The five things we know about Election 2012 in Nevada

I tend to shy away from the “look at what we learned” thumbsuckers the day after an election.

Overall themes often obscure underlying dynamics of individual races. The obvious often mashes the subtle. The results tell a story, but usually only part of it.

There is a lot to say about what happened in Nevada on Tuesday – today and later – but only a few things are crystal clear:

1.     Registration matters

2.     The Republican Party is irrelevant

3.     The Hispanic vote here is a growing and potent force

4.     Labor matters

5.     Harry Reid is God (or the devil)

I’ll take a look at each of those and also have some other thoughts (in a separate post) on the election that should scare Republicans in this state, but probably won’t because Gov. Brian Sandoval seems safe, Sen. Dean Heller doesn’t have to run for six years and the party "leaders" just don’t seem to get it.

►Registration matters: In May, at the close of registration for the primary election, the Democrats had a 39,000-voter lead over the Republicans in Nevada; in Clark County, the lead was 76,000 voters.

Five months later, at the close of registration for the general election, the statewide edge was 90,000 and the Clark chasm was 127,000 voters. The presidential race in Nevada essentially was over and, though we may not have know it at the time, so was Danny Tarkanian’s fourth bid for office and the GOP efforts to take the state Senate.

The Republicans were left with presenting fantasy math that the Flat Earth Society would have rejected and claiming they had made billions of voter contacts (I think that was the number) that would counteract the vaunted Democratic machine, an amazing integration of OFA and Team Reid.

Gentlemen, you should be embarrassed.

►The Republican Party is irrelevant: Perhaps irrelevant is too mild. They may as well put up a “vacancy” sign outside the party’s headquarters. His father’s illness notwithstanding, Chairman Michael McDonald was an absentee landlord – nearly every release from the party was from Vice-Chairman James Smack.

The Romney campaign and the RNC tried a workaround, but the Ron Paul folks nipping at their heels, a Clark County GOP run by loons and a Washoe party that seceded and became a subset of the National Republican Senatorial Committee were too much to bear. When mailers started appearing from the Idaho and Colorado Republican parties in mailboxes here, the comedy show had devolved to pure farce.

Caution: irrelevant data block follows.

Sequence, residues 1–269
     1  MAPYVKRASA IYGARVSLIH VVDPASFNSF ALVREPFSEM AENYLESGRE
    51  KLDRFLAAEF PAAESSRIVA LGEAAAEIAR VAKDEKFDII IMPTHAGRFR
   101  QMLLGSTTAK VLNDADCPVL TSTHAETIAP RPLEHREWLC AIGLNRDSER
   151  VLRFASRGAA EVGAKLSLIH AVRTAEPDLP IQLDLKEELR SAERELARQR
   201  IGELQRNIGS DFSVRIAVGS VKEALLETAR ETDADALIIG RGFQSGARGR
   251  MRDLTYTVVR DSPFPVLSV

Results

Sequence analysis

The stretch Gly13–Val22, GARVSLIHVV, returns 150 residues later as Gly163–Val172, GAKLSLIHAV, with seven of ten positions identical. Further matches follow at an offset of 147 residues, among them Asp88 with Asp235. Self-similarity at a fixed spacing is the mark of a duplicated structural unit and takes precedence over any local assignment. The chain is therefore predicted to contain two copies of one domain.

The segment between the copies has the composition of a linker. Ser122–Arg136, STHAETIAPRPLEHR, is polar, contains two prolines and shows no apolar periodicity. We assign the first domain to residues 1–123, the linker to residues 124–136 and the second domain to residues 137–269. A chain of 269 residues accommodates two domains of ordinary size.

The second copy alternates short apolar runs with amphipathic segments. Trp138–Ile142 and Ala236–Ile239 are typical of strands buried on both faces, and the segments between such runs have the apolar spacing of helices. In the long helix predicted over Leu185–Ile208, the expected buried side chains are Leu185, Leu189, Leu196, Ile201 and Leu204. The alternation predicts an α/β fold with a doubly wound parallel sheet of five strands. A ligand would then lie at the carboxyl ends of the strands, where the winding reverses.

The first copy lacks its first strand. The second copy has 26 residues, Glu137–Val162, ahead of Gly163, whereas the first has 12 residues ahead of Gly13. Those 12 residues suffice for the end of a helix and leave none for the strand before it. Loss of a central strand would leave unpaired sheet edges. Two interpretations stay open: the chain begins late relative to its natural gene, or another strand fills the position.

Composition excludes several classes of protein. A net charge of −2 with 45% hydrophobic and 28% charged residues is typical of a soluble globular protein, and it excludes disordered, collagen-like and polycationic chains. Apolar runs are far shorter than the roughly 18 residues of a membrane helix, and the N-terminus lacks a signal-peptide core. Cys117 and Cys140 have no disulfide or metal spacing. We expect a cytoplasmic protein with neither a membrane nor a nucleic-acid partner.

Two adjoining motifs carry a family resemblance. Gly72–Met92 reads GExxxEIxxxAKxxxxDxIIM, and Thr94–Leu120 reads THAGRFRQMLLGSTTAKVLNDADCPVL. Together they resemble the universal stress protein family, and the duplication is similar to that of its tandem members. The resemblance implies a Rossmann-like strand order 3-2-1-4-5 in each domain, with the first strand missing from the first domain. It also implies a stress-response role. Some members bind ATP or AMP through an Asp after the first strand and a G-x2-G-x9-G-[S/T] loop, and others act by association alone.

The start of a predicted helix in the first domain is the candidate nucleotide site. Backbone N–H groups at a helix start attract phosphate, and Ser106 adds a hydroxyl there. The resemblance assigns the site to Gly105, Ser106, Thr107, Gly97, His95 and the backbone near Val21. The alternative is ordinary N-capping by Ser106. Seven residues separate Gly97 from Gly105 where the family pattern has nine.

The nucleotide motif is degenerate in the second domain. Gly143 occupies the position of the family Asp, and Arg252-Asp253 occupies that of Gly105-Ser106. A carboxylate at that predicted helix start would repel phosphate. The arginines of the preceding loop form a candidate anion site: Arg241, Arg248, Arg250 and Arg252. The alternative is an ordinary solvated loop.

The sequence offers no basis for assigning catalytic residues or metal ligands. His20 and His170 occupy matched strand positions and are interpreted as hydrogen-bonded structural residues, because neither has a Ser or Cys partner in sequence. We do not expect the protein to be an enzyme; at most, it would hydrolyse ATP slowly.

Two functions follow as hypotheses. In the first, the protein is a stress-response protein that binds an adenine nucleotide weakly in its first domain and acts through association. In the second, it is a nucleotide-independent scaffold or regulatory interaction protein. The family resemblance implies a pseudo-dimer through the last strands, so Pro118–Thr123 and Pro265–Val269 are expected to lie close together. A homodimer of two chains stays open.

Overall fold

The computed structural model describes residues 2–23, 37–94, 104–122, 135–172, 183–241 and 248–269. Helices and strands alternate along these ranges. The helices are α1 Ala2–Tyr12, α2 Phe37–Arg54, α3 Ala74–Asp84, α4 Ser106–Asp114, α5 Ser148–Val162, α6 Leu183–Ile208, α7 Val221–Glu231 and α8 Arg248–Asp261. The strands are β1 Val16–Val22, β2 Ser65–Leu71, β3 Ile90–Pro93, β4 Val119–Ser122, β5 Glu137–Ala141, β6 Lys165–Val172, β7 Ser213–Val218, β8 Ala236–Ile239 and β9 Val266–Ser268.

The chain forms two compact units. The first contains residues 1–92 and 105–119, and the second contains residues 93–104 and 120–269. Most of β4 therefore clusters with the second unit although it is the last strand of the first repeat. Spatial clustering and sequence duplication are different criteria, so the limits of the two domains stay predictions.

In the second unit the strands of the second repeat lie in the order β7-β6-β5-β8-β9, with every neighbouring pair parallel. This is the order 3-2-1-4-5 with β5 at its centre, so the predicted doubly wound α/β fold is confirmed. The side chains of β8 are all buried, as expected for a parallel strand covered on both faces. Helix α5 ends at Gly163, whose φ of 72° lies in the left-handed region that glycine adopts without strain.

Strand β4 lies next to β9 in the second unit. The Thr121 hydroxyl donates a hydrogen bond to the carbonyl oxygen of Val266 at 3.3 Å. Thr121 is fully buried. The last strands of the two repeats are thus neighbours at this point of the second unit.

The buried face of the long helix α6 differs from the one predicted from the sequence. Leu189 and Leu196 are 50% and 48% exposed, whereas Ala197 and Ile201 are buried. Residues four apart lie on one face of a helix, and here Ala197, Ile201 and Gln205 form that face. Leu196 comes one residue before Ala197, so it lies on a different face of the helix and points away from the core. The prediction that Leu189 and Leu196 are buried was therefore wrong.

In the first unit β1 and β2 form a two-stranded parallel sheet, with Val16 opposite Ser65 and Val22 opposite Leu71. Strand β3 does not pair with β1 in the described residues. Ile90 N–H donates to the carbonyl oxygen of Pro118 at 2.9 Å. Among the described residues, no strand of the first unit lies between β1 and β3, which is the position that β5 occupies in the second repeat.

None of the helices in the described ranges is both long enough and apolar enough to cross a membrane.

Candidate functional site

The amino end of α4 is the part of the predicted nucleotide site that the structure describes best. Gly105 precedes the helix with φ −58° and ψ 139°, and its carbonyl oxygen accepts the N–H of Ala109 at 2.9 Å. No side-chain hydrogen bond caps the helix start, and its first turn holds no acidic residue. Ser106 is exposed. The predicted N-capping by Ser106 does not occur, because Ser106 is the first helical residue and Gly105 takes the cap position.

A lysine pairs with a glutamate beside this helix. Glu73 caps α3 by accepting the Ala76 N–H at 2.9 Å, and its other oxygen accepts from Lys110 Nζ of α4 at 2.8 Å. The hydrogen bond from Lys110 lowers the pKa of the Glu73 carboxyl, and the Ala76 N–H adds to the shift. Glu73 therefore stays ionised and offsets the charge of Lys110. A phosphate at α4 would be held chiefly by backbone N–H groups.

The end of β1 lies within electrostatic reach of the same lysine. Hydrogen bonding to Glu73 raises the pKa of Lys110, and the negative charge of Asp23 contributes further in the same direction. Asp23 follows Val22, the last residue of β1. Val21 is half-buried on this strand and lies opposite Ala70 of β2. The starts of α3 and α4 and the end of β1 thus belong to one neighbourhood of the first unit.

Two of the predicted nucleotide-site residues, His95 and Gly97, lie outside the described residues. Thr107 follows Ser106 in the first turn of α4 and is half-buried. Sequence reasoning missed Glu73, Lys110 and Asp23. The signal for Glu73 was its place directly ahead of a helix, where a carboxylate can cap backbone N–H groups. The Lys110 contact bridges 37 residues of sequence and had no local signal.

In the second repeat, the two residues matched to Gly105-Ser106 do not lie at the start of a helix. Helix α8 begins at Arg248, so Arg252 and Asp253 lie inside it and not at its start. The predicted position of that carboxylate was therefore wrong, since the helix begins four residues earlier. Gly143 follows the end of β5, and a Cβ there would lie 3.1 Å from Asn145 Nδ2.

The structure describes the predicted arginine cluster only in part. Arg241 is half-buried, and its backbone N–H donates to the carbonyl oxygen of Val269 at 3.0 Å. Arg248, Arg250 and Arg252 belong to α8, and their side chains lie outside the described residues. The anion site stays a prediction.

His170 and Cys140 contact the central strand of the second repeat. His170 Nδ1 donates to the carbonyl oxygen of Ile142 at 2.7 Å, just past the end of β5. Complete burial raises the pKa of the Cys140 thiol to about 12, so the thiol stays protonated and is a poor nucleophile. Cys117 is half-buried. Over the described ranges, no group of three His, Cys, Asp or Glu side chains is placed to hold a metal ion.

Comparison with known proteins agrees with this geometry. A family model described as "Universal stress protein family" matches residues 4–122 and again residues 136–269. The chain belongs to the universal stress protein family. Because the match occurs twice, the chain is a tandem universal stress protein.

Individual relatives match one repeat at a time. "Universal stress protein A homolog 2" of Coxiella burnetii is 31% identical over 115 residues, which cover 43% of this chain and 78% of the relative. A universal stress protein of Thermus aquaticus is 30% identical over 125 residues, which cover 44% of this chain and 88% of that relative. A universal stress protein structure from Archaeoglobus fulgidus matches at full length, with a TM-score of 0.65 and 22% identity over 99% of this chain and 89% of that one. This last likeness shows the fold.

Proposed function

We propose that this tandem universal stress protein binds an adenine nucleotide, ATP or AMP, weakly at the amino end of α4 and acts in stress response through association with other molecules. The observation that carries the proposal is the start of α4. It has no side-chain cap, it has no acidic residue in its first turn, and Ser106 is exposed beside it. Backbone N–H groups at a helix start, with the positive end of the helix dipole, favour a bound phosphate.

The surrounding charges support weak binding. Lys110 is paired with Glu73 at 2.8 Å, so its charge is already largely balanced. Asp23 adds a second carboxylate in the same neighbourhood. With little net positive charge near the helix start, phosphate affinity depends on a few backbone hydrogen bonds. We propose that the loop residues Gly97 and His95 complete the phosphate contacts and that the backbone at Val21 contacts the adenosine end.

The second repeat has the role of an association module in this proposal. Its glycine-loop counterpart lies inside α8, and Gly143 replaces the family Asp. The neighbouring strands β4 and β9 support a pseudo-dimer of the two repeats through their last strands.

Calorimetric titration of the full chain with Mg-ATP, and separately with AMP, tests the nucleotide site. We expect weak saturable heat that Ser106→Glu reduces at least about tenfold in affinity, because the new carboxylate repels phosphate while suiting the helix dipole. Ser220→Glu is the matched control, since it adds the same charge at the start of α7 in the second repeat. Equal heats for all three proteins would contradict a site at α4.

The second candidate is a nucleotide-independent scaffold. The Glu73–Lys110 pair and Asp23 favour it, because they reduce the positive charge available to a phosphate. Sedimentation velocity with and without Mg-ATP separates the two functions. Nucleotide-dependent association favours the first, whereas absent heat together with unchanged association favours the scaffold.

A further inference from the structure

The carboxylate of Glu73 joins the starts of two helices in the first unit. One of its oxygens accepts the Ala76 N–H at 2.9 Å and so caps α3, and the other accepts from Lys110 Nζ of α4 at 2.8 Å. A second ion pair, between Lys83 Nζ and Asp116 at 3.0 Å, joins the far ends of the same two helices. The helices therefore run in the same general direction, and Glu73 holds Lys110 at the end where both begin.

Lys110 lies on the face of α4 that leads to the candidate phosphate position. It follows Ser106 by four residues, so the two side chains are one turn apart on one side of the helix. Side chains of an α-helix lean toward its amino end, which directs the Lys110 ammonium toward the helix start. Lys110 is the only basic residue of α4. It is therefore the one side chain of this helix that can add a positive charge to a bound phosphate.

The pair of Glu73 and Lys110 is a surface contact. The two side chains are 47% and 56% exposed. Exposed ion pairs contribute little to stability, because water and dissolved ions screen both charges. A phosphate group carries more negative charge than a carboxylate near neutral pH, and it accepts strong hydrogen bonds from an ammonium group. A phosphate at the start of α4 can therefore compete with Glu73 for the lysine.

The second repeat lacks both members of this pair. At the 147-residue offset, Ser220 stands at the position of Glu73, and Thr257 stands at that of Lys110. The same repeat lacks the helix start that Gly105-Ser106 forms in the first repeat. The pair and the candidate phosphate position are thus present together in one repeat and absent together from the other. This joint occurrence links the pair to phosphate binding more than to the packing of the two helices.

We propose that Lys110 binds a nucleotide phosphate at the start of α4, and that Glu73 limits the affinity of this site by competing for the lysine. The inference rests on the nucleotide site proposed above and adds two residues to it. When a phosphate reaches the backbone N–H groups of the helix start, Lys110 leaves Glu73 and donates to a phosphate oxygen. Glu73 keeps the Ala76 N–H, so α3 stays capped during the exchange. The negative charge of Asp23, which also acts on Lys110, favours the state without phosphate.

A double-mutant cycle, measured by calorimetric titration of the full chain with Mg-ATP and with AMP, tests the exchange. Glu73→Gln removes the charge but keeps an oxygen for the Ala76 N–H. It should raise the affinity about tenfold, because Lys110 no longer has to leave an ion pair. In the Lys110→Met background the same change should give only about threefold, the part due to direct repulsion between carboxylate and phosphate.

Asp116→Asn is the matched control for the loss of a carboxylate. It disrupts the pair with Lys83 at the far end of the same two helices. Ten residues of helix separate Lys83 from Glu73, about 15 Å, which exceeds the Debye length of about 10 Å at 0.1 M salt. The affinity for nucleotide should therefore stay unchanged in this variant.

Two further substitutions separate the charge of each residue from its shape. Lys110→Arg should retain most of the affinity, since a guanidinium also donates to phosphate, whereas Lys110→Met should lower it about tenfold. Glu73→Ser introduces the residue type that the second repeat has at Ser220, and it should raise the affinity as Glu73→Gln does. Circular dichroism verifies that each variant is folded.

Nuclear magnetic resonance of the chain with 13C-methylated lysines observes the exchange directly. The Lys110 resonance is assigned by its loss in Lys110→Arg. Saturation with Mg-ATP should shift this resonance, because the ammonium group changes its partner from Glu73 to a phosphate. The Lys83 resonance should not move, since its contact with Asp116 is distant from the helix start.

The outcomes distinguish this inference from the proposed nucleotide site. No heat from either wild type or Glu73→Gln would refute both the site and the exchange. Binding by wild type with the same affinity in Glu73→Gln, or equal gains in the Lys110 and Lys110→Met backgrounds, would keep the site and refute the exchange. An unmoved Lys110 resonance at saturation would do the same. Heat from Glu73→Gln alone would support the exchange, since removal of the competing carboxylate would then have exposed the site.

They either adopt a long-term plan or even Sandoval should be worried.

►The Hispanic vote here is a growing and potent force. The exit polls showed 18 percent of the electorate here was Latino – a record and up from the past two cycles’ 15 percent. And President Obama won Hispanics by 40 points.

But it’s more than just those numbers. The Latino presence here – a quarter of the population – keeps growing and there will be more and more signs of its influence. Sandoval has yet to discover how to talk to that community, and he was crushed in that demographic when he first ran. He’s toned down his rhetoric, but it’s still a problem for the popular Gov. Sunny.

Republicans running statewide cannot lose that demographic by huge margins and hope to be successful – or they will bite their nails all night as Sen. Dean Heller did. He may not get so lucky in six years to have such a flawed contender.

The Republicans here – and wayward Democrats, too – better pay attention or their hopes for electoral success will just be a DREAM.

► Labor matters: The irony of this being so in a right-to-work state always amuses. But the labor movement this cycle did as much to boost candidates, up and down the ticket, as in my quarter-century covering politics in the state. They were knocking on doors, cataloguing voters, sending mail pieces.

In key legislative races, perhaps even saving the state Senate for the Democrats, SEIU and AFSCME sent out pieces of mail (some of it outrageous and about federal issues such as Medicare), which probably affected the outcomes. The AFL-CIO, through independent expenditures and voter contacts, was on the ground and in mailboxes, too.

But underpinning the entire effort was, as it always is, the Culinary union. For much of the year, D. Taylor played coy, insisting organizing could preclude politicking, which no one should have taken seriously. When he unleashed his forces, led by political director Yvanna Cancela, they registered and then turned out thousands of voters in Clark County that made a substantial difference. The Culinary also is a key Hispanic turnout machine.

Look upon these works, ye Republicans, and despair.

►Harry Reid is God (or the devil): He built that – the Democratic apparatus, getting rid of the antiquated components and replacing them with skilled, tireless, relentless operatives led by Rebecca Lambe, who is a loyal Reidite and first re-elected him and then preserved his majority through her activity in other Senate races.

Reid remains the Democrat many Republicans (and a few Democrats) love to hate. But he understands power and how to wield it, and he grasped long ago that the local talent pool was too shallow to save him or turn Nevada purple (or is it blue?).

Reid wanted Ross Miller or Catherine Cortez Masto to run for the Senate. But once Rep. Shelley Berkley got in, the majority leader was all in. He made sure she was well funded and gave her a chance to win a race that, after the ethics probe began, she had no business even being close to winning.

It is time, methinks, to start the unauthorized biography. Working Title: "Prince Harry"